Fox Hunting Life with Horse and Hound

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NYC Horse Carriage Deal Goes Bust

In New York City, as Yogi Berra once said, “It ain’t over ‘til it’s over.” In the case of Mayor de Blasio’s animal rights-funded war against the horse-drawn carriages, that homegrown proverb was never truer.

With a deal in hand between the mayor’s office and the Teamsters union representing the carriage drivers—requiring only the City Council’s approval, which, in the opinion of even the wavering council members, was a given—the horse the mayor was riding balked at the wire. And the deal collapsed.

Council members who had never warmed to Blasio’s quest, nevertheless wanted the entire affair to be over and off their plates. Most were reluctantly prepared to sign on when the Teamsters union suddenly pulled their support. And that was the ballgame.

De Blasio’s humiliation is a defeat entirely of his own making. During his election campaign he seized on a narrow issue with little widespread traction, but one that brought him campaign funds from animal rights organizations along with their pledge to smear his chief opponent in the race, Christine Quinn. The plan worked: de Blasio promised to remove the horse carriages from the streets on his first day in office; he deposited the campaign contributions; Quinn was smeared; he was elected, but now more than two years later, he hasn’t delivered.

The deal he expected to finally deliver the fruits of his quest turned out to be a Pandora’s box. Once opened, it released a slew of newly-affected stakeholders who had never even been party to the original taxpayers who would have to ante up twenty-five million dollars for new stables in Central Park and pedicab drivers who would be barred from carrying passengers in the park.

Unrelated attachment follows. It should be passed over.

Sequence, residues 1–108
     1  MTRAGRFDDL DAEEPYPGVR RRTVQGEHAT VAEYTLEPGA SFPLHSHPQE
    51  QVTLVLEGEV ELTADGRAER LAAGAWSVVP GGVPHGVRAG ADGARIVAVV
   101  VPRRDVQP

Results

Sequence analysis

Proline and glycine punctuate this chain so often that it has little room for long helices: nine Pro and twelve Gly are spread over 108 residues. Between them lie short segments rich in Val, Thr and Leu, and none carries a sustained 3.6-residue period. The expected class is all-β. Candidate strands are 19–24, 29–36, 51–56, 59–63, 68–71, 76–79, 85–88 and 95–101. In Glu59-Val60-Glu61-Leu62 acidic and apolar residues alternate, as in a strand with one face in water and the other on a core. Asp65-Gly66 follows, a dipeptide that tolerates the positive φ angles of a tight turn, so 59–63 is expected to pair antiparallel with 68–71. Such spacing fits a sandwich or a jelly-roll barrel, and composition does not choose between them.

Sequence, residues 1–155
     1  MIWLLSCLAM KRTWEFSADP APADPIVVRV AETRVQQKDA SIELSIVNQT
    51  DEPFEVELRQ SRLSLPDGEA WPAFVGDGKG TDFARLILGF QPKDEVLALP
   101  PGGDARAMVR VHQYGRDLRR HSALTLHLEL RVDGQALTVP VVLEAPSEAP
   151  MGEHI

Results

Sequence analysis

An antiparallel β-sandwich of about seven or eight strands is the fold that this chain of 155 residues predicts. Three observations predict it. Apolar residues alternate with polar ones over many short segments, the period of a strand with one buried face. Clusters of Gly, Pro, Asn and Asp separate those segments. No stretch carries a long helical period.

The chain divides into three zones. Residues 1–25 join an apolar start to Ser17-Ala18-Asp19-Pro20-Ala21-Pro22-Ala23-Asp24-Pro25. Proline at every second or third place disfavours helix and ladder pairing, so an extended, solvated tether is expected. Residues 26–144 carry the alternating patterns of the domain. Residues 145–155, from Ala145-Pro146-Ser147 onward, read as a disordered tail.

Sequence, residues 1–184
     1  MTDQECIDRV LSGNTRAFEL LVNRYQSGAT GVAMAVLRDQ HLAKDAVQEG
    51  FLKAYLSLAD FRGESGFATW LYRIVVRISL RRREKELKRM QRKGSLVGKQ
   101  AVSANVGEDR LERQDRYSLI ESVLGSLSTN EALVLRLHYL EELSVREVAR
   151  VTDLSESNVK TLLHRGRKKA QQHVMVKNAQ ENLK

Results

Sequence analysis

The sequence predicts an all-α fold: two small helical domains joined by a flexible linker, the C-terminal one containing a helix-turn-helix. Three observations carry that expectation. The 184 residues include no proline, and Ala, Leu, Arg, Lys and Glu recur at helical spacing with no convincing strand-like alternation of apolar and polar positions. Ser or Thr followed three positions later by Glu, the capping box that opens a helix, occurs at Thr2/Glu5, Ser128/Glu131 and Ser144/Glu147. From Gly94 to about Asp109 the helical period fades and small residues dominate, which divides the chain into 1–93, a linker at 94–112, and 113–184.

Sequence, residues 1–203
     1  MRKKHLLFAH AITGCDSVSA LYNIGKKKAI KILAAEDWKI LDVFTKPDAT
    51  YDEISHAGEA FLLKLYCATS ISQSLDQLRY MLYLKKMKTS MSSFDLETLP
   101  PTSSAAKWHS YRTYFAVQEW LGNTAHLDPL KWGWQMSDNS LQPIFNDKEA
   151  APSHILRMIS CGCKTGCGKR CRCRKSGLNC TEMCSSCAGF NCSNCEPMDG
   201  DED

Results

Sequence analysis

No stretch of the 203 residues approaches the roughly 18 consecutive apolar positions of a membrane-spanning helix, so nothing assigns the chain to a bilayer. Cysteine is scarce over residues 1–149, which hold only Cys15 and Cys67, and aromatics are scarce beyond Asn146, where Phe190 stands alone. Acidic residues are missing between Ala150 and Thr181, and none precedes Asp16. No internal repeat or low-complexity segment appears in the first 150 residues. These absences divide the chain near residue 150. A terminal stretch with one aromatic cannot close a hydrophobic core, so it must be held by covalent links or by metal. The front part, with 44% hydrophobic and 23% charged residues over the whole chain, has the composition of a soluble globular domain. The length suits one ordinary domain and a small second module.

“New York City politics is in danger of becoming just as much as a laughingstock as the presidential race,” Councilman Ritchie Torres, a Bronx Democrat, said.

“It’s a great day for the horse and carriages,” Ian McKeever, a carriage driver and spokesman for the industry, said. “I’m from Dublin, so I’m having a pint.”

For more details on the undoing of de Blasio’s plan for the carriage horses, see the February 4, 2016 New York Times article by J. David Goodman and Michael M. Grynbaum.

Posted February 5, 2016

NYC Horse Carriage Deal Is Struck

Representatives of the horse carriage industry in New York City have reached an agreement-in-concept with Mayor Bill de Blasio’s office on the future of horse drawn carriages there. To become effective, the deal must be approved by the City Council.

Under the compromise agreement, new stables will be built in Central Park for the horses, but the numbers will shrink from 220 horses active today to 95 horses by 2018. Operation of the carriages will be restricted to the park, according to some reports, and not the city streets.

On the plus side for the horsemen, pedicabs—competition for the carriages—would be prohibited from operating below 85th Street.

On the plus side for the Mayor and real estate developers, the building now housing the horse stables will become available for conversion to higher-revenue use.

Animal rights activists spent about one million dollars supporting de Blasio’s election bid and smearing his chief opponent, Christine Quinn. De Blasio had promised during his election campaign to remove all horse drawn carriages from the streets. The majority of New Yorkers, however, opposed the mayor in his attack on the industry.

The current deal may ease de Blasio’s conundrum, especially with the real estate developers riding quietly in the wake of the shrill cries and large campaign donations of the animal rights activists, but will it satisfy the latter’s ideological agenda? A question for the future.